Tag Archives: howard university

The Racialicious Links Roundup 4.11.13

The same week that a dozen defiant senators threatened to filibuster any new gun control legislation, Paul ventured across Washington to historically black Howard University and gave a speech aimed at outreach and bridge building.

The man is mulling a presidential run after all.

The speech was a dud. It was a clipped-tail history lesson praising the civil rights record of the pre-Southern Strategy Republican Party, while slamming the concurrent record of the Democrats.

It completely ignored the past generation of egregious and willful acts of insensitivity by the G.O.P. toward the African-American community.

“We are not expecting LGBT families to be included in the Gang of 8 [sic] bill,” Immigration Equality director Rachel Tiven told the Washington Blade yesterday. “That in our minds means that of course the bill is incomplete.”

In January, the White House urged Congress to include same-sex couples in legislation. Its proposal on immigration reform recommended “[treating] same-sex families as families by giving U.S. citizens and lawful permanent residents the ability to seek a visa on the basis of a permanent relationship with a same-sex partner.”

But Republicans who champion immigration reform have been clear from the start of this round of deliberations that they wouldn’t support rights for same-sex couples. Gang of Eight member Sen. John McCain, R-Ariz., called the provision “a red flag” in a January interview on CBS.

I can understand why an artist like Paisley would be attracted to an artist like LL Cool J. I can’t for the life of me understand why he’d choose LL Cool J to begin “a conversation” to reconcile. Rap is overrun with artists who’ve spent some portion of their career attempting to have “a conversation.” There’s Chuck D. There’s Big Daddy Kane. There’s KRS-ONE. There’s Talib. There’s Mos Def. There’s Kendrick Lamar. There’s Black Thought. There’s Dead Prez. And so on.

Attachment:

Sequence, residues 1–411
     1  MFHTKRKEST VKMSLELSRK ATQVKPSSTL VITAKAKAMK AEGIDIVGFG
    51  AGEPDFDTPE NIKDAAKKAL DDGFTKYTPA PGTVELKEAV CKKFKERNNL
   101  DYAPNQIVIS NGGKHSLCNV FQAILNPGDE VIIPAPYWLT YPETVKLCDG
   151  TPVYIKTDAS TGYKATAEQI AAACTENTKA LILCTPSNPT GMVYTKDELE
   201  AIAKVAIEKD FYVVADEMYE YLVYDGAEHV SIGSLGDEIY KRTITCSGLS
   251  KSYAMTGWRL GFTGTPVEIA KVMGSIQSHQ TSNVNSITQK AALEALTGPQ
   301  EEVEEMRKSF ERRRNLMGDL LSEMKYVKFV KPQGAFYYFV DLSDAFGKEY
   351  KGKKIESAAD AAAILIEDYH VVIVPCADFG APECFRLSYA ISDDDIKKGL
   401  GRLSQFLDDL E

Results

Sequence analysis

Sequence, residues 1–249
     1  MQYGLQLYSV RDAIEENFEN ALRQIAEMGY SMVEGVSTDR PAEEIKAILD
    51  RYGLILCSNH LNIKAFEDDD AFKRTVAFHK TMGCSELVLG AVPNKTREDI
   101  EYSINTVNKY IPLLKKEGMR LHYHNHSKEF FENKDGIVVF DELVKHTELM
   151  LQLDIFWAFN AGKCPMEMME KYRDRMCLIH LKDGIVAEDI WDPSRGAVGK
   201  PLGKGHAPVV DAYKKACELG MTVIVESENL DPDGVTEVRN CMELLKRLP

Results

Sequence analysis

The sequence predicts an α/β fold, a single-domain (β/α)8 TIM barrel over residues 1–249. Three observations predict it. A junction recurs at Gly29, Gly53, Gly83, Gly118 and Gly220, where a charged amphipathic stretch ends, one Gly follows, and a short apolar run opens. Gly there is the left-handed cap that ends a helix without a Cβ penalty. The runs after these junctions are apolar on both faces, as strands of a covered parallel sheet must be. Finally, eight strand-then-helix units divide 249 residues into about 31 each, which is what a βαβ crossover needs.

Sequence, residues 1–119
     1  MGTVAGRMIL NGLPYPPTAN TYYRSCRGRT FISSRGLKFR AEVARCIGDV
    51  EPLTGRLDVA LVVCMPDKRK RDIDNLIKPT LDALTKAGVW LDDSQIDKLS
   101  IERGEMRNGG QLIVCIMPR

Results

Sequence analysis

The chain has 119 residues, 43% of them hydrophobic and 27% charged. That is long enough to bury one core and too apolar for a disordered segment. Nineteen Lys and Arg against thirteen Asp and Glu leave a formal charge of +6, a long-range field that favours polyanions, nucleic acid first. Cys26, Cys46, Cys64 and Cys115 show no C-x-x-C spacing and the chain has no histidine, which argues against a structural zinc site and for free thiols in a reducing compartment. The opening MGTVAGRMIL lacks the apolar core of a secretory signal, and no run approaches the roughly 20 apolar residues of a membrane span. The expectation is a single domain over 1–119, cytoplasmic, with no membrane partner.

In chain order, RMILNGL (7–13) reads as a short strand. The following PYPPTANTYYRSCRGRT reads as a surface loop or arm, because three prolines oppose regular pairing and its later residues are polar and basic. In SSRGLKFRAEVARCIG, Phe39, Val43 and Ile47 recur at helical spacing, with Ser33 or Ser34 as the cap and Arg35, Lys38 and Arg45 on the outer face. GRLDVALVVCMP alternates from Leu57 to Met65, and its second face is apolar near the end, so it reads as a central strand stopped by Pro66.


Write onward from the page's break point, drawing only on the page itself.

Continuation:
In an artform distinguished by a critical mass concerned with racism, LL’s work is distinguished by its lack of concern. Which is fine. “Pink Cookies” is dope. “Booming System” is dope. “I Shot Ya” is dope. I even rock that “Who Do You Love” joint. But I wouldn’t call up Talib Kweli to record a song about gang violence in L.A., and I wouldn’t call up KRS-ONE to drop a verse on a love ballad. The only real reason to call up LL is that he is black and thus must have something insightful to say about the Confederate Flag.

The assumption that there is no real difference among black people is exactly what racism is. Our differences, our right to our individuality, is what makes us human. The point of racism is to rob black people of that right. It would be no different than me assuming that Rachel Weisz must necessarily have something to say about black-Jewish relations, or me assuming that Paisley must know something about barbecue because he’s Southern.

The magazine is throwing a “New Guantanamo” party in conjunction with Le Baron, the New York City nightlife brand run by Andre Saraiva. The party has been roundly criticized on Twitter and on fashion blog Refinery 29, which wrote on Monday, “Flaunt Magazine tends to be pretty great when it comes to thinking creatively, but its recent invite to a Guantanamo-themed party (yes, seriously) quickly shifted from fun to completely absurd.”

The party invite promises “pleasurable torture” by makeup brand Smashbox Studios, and the poster features models carrying large machine guns.

I received a note this morning from a friend of a friend. She lives in the UK, although her family didn’t arrive there by choice. They had to flee Chile, like thousands of others, when it was under the thumb of General Augusto Pinochet. If you don’t know the details about Pinochet’s blood-soaked two-decade reign, you should read about them but take care not to eat beforehand. He was a merciless overseer of torture, rapes and thousands of political executions. He had the hands and wrists of the country’s greatest folk singer Victor Jara broken in front of a crowd of prisoners before killing him. He had democratically elected Socialist President Salvador Allende shot dead at his desk. His specialty was torturing people in front of their families.